Under "Further Reading", Gowers includes his own website address, where you can find sections that did not make it into the book. What a good idea! The site is as full of good stuff as the book, and gives links to further sites that will give you as much mathematics as you will ever want.
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on 12 February 2013
I have already a growing number of "very short introduction.." on my bookshelf and quite enjoy reading them.
I think its a very good series except for the text font and layout which I am not a big fan. I find them hard to read sometimes but they do have the advantage of being pocket size so handy.

This one on Mathematics brought be back to my young age at school. I would have been so pleased to have a math teacher such as Mr Gower.

He has a talent to explain complex things simply. Some worked examples may be a bit derouting for some of us who dont use maths every day but you honnestly do not have to read everything. I read this book with a relaxed attitude, trying to enjoy more than to learn. The book is also loaded with diagrams which helps you further to understand some key concepts.

What I found fascinating was that some maths conjectures are still not resolved to this date. Finally, the last sections on "FAQ" is very useful and instructive.

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on 28 December 2004
This book demystifies puzzling concepts such as infinity, curved space, n-dimensional space and fractional dimensions. His emphasis on the abstract method - the focus on what mathetical objects DO rather than what they really ARE - as the key to understanding all these concepts is amazingly powerful, truly an eye-opener.
A basic knowledge of mathematics is an advantage
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on 3 March 2014
Having read a few of the Very Short Introduction (VSI) series, I wanted to revisit some of the joy of university life by returning to mathematics, the subject which I studied as an undergraduate. With the title as it is, one might wonder what sort of level as it’s pitched at. Here, one could be lulled into a false sense of security by mistaking it for “Arithmetic: A Very Short Introduction”. Do not expect this to be “a very simple introduction”. To anyone who has studied maths at university, this will be a very simple book. To anyone studying maths at A-level, they should find it a little challenging in places, but it should provide good food for thought, building on some familiar principles. The author says that it should be OK for anyone with a good GCSE grade, though I would express a little scepticism at that sentiment.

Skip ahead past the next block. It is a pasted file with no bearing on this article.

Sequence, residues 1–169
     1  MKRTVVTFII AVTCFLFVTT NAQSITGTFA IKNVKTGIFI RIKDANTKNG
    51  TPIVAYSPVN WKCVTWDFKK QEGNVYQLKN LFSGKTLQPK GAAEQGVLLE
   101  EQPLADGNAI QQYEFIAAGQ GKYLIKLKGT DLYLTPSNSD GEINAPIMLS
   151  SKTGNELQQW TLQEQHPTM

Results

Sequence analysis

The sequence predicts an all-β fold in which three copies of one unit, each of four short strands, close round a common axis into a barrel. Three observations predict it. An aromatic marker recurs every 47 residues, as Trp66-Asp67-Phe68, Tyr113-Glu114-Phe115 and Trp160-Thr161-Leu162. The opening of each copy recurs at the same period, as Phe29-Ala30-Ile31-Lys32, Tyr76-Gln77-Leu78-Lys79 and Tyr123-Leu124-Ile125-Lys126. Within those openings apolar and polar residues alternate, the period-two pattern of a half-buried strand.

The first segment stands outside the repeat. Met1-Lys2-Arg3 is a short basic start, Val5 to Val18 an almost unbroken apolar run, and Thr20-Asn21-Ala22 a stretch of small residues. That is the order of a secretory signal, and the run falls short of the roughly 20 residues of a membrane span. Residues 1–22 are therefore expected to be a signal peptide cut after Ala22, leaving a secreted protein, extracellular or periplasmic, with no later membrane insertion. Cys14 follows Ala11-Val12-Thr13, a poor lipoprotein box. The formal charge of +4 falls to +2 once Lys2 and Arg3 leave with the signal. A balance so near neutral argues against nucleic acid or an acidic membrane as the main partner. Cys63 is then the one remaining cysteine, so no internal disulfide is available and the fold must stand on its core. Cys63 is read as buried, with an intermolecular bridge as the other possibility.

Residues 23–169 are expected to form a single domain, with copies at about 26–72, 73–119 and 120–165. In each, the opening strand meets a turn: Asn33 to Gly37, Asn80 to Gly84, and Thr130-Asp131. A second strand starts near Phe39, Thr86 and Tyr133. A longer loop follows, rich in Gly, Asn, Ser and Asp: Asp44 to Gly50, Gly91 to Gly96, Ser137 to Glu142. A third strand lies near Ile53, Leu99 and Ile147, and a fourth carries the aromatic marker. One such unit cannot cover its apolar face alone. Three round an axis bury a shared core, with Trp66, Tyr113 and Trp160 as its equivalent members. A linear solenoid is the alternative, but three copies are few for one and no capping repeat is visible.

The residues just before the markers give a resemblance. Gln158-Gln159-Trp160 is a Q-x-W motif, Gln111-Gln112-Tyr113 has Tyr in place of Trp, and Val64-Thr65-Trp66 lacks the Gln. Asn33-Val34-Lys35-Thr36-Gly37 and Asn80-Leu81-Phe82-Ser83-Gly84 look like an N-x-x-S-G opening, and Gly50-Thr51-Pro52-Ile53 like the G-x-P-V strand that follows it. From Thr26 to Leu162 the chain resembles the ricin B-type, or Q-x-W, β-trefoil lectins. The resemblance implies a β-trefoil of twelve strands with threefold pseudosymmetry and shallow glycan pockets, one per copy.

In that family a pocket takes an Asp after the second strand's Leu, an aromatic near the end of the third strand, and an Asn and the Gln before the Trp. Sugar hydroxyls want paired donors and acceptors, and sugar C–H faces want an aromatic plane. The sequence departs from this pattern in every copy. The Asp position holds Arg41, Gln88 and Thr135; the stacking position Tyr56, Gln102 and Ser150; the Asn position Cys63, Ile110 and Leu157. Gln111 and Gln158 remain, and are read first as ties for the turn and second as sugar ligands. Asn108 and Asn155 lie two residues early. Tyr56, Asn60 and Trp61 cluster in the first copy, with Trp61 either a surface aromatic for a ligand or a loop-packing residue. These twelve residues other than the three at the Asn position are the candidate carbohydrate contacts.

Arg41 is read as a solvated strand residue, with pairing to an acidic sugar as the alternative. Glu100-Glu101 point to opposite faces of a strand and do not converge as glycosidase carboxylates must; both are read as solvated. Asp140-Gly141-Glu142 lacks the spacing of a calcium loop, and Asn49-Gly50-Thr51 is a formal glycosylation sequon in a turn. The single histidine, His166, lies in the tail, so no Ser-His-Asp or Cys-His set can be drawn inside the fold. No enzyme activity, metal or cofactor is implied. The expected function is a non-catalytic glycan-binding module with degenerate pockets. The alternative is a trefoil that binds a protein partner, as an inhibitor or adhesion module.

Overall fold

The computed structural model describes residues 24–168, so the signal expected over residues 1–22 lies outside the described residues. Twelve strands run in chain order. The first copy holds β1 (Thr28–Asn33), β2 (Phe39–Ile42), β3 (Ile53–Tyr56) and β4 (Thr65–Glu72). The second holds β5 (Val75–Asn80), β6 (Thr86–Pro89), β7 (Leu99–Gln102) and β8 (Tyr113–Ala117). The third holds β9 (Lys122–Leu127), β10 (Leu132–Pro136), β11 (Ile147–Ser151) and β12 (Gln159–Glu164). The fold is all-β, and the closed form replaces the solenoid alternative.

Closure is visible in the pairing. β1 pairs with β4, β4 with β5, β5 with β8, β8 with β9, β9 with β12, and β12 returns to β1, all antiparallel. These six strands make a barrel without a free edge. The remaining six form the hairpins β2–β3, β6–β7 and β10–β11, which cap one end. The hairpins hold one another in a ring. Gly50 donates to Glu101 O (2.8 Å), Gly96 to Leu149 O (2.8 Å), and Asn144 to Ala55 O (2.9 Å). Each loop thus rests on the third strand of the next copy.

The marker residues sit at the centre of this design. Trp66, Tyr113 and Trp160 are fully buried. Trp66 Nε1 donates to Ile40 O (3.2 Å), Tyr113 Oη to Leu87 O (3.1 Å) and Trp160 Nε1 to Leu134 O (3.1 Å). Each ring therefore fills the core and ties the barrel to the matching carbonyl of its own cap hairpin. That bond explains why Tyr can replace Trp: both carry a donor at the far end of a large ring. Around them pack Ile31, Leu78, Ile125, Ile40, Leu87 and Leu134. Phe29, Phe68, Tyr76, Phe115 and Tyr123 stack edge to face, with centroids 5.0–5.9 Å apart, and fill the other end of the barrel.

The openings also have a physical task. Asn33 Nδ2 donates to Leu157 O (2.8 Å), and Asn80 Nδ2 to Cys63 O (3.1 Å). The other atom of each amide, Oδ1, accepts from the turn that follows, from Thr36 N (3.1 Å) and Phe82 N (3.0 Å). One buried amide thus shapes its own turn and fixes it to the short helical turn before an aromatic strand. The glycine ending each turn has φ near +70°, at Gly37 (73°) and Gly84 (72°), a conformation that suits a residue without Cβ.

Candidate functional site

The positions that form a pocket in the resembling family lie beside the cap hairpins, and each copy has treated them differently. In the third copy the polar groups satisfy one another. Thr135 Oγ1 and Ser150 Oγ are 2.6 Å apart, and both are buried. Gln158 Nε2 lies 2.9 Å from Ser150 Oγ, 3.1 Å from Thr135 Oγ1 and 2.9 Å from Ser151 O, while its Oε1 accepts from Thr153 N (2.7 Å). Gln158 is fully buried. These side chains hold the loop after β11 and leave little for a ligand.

That said, I do think it’s a marvellous little book. One of the first things that Gowers discusses is the cumulative nature of maths. i.e. some things can be very simply stated, but only in terms of other things which need to be well-defined and understood. The danger then is how far back do you regress to be able to find ground which is widely understood?

Gowers deals with this brilliantly by having his opening chapter on mathematical modelling. In so doing, he grounds mathematics in the real, the physical, the tangible, instead of diving off into the realms of pure mathematics straight away. Though I must admit, the appeal to me comes about primarily because he enunciates the way I have thought of maths for most of the last 3 decades.

From here, he starts to ask some more fundamental questions about the nature of numbers, including complex numbers (but not quaternions) and some “proper” algebra though he cunningly avoids the use of terms such group, ring or field whilst ensuring the reader is familiar with their rules by means of definitions followed-up with examples. He also touches on some rules regarding logarithms which perplex some people, but are dealt with very well.

He then goes on to probably the most important idea in maths: proof. Though touching on a little philosophy, he tries to skirt around it and give a robust exposition of what a mathematician means when (s)he talks about proof and how it differs from the more lackadaisical use of the word in everyday (and even some other areas of scientific) usage.

Though any book on serious mathematics probably ought to contain a good amount on calculus, Gowers avoids this quite ostentatiously. Rather, he lays the groundwork for an understanding of it with a chapter on limits and infinity. In so doing, one might think he’s dodged a potential bullet of losing the interest of readers, though I think that anyone who hasn’t done calculus but who has understood this chapter will be well-placed to start studying calculus.